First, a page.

DIVID is a versatile street furniture support system that uses dividers made from Ultra-high-performance glass concrete as base elements to structure and define urban spaces. The ultra-high performance glass concrete is more resilient and offers better physical properties than the traditional composite: smoother and less porous surfaces, stronger resistance to impact, frost and graffiti. Micronised glass particles are used to substitute about 30% of the cement, which makes the dividers less heat-absorbent and more eco-friendly.
This system can serve different purposes: demarcate construction sites, delineate and identify event sites, control crowds, separate and secure bike paths, and above all, support a variety of urban furniture. The dividers can be equipped with a lighting system, powered by integrated transparent photovoltaic solar cells, which are part of each light fixture. The lighting provides a safer environment for pedestrians and cyclists and increases visibility during evening hours, especially during fall and winter season.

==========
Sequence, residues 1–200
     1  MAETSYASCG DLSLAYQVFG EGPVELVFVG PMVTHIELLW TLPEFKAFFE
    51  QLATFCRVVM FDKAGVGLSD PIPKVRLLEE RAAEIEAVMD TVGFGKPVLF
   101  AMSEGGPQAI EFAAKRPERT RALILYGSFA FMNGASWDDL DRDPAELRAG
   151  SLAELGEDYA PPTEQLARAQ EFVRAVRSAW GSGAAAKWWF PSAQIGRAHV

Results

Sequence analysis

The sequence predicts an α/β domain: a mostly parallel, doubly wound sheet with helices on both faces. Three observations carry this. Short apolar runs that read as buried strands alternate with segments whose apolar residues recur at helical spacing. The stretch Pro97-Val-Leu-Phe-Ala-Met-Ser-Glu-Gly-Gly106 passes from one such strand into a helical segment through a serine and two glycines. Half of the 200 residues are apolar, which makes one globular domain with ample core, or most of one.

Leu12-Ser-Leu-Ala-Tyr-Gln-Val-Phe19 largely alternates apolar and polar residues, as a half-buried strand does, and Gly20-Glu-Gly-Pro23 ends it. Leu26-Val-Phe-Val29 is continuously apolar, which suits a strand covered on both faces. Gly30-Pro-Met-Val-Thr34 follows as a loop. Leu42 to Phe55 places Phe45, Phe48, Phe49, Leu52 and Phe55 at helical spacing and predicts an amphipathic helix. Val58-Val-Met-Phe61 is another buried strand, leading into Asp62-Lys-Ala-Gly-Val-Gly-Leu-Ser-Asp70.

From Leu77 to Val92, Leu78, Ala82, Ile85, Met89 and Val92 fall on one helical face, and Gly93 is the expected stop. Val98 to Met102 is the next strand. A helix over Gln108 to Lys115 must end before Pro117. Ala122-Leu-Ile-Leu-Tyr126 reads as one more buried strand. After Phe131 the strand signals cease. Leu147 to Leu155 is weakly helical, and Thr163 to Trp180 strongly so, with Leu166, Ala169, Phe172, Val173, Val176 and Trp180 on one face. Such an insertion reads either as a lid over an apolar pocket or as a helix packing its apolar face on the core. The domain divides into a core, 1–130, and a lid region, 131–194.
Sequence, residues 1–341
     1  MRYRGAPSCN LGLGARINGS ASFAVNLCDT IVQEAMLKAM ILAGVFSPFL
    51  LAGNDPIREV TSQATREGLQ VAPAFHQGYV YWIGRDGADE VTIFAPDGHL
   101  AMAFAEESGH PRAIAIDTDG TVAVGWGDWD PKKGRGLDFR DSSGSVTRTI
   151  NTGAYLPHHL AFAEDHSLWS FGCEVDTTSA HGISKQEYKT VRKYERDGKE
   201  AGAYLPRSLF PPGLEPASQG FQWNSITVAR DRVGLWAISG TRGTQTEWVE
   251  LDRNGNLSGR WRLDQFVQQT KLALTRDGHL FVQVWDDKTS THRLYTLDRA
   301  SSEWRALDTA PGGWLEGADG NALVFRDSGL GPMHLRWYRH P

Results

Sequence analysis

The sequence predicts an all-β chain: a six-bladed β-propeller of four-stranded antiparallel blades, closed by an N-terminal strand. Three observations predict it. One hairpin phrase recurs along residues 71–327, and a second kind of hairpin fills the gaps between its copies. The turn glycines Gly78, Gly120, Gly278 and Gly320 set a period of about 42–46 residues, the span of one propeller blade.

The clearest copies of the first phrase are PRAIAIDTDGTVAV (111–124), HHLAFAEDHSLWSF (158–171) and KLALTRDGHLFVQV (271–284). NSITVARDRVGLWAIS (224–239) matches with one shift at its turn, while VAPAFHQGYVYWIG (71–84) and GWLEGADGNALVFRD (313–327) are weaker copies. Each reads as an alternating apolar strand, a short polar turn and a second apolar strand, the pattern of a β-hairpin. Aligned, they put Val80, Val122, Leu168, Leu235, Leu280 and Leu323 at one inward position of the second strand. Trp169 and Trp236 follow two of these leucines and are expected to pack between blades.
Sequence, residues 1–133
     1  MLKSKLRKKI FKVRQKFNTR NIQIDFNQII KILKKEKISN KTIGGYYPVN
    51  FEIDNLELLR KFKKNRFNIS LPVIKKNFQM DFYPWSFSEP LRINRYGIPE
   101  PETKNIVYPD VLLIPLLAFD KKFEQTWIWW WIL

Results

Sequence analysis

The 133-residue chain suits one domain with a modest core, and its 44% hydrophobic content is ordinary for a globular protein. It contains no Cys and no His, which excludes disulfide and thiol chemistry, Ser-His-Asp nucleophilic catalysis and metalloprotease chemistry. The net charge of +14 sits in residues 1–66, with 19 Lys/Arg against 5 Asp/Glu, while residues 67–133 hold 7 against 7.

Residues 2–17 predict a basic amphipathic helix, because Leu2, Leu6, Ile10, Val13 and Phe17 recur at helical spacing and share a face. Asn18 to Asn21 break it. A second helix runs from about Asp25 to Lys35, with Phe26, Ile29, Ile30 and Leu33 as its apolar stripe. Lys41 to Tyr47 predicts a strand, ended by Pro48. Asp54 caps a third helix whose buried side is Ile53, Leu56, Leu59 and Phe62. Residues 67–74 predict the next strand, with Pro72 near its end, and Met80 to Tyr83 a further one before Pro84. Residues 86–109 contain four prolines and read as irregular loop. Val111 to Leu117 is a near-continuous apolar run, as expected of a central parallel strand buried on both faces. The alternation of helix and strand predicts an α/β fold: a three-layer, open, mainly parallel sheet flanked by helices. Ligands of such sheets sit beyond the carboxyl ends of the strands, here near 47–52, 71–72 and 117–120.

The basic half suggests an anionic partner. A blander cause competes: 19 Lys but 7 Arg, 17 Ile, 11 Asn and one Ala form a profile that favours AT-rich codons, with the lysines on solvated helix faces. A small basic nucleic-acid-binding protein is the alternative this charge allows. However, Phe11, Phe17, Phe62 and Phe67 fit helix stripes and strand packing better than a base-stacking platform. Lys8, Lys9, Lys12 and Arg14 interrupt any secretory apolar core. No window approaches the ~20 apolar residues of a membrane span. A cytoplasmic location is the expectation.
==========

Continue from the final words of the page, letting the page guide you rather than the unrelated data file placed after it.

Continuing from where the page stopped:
DIVID has been designed to support temporary and semi-permanent elements such as signs and artwork, as well as fences and various accessories, such as seats, benches, trash containers, plant boxes, or traffic signs. The system has the potential to evolve and support other features.
The designed seating elements are made of translucent roto-moulded plastic that can be backlit in order to enhance the ambience and animate sites when needed. All accessories can be securely attached to the concrete dividers in a temporary or more permanent fashion. The rubber sole and its integrated adjustable feet help level the concrete dividers and protect surfaces during transport and installation. Made from recycled rubber, the synthetic polymer base has the potential to reduce noise or limit vibration transfer, a feature highly appreciated around construction sites.
The overall language of the form gives DIVID a simple and utilitarian look, yet it can be ‘dressed up’ and personalised, thus helping to shape the identity of a city. The design details of DIVID make a subtle reference to traffic cones, giving the concrete dividers a unique and memorable look, which is especially significant for Montreal, a city known for its perpetual construction activities and its numerous festivals.
GRAD, Design Research Lab, University of Montreal, Canada